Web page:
19. Nancy and Todd – Your commentaries are excellent and to the point. I have long been in favor of vocational as well as academic education, especially with the specter of automation looming over our economic world of production and distribution. Germany and Sweden are good examples of how economies can prosper and enjoy huge trade profits with their “smart manufacturing” resulting from their emphasis on vocational education. In this connection, I recall vividly (and bitterly) reading about how business circles were demanding that President Obama allow visas for Chinese tradesmen to come to America as plumbers, welders etc., citing a shortage of help in such areas. I was reading at the time how American welders were turning down jobs that paid $50 an hour and now hear that some expert welders are making $100 an hour (which beats the hourly rate of those holding history and English degrees). I recall thinking that it wasn’t bad enough that our jobs were being effectively exported to China by American multinational corporations but now those same multinationals were demanding that aliens take our jobs here as well! Such policies on visas, had they been implemented, along with onrushing automation of jobs formerly thought to be immune to robotry and with our political failure to provide for vocational education due, inter alia, to our tax-cutting mania for, among others, multinational corporations, would have enriched Wall Street while bankrupting ordinary Americans at a speedier pace and, of course, reducing aggregate demand, the sole arbiter of economic growth.

    As to who pays for vocational education, reeducation and the like, I note that no commentator to Sheila’s blog yet today has mentioned the effect of right to work union-busting laws on our economy. When craft and other unions were in vogue, we had apprentice programs paid for and run by unions with excellent results in turning out thousands of journeyman electricians, plumbers etc., but Republicans decided to destroy unions with their right to starve legislation, resulting in (among other horrors) the shortage of such expert help which not only hurt aspiring vocational workers but the economy as well. Now the chickens are coming home to roost as those who favored such laws are complaining that they don’t have enough educated workers.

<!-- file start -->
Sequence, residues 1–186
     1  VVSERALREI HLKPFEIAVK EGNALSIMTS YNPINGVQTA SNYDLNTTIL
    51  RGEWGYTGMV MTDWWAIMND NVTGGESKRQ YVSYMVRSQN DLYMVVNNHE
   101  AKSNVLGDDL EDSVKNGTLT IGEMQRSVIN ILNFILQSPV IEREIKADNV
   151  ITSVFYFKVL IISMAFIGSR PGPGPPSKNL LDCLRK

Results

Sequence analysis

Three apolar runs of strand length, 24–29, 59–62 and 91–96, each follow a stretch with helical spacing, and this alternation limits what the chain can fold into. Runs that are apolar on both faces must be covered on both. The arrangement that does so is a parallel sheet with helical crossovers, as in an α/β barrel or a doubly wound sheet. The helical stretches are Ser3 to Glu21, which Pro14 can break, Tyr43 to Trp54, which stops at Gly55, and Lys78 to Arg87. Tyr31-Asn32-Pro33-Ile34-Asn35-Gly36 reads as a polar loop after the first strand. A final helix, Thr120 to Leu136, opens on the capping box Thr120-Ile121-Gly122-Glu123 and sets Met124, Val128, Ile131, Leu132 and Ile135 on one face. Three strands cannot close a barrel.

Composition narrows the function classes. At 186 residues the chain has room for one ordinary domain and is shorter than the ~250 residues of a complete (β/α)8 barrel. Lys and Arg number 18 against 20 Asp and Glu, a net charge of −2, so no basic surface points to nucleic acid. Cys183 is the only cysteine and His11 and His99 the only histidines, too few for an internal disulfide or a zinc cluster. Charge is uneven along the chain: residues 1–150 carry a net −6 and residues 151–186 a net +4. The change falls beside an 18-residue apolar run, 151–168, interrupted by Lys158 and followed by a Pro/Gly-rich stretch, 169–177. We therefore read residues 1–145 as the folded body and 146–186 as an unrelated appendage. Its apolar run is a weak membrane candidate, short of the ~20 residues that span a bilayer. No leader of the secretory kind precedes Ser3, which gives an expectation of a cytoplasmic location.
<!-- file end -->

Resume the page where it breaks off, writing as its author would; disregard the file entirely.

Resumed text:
I am tempted to respond to such thoughtless legislation’s effects on greedy employers as “Ha! That’ll teach you to pass laws to inflate your bottom lines while putting it to your workforce!” but for its effects on all of us. We are not responding policy-wise to the realities of internationalization of trade and onrushing automation and are falling behind China and even emerging economies with their bullet trains, superior infrastructure, environmental rules, economic outreach to the Third World etc.,for which we are paying and will pay a steep price for our failure to keep up with the world as our attention is rather devoted to the man-child in the Oval Office, tax cuts, racism, who lied, porn queen payoffs and other such diversionary trivia. Government, anybody?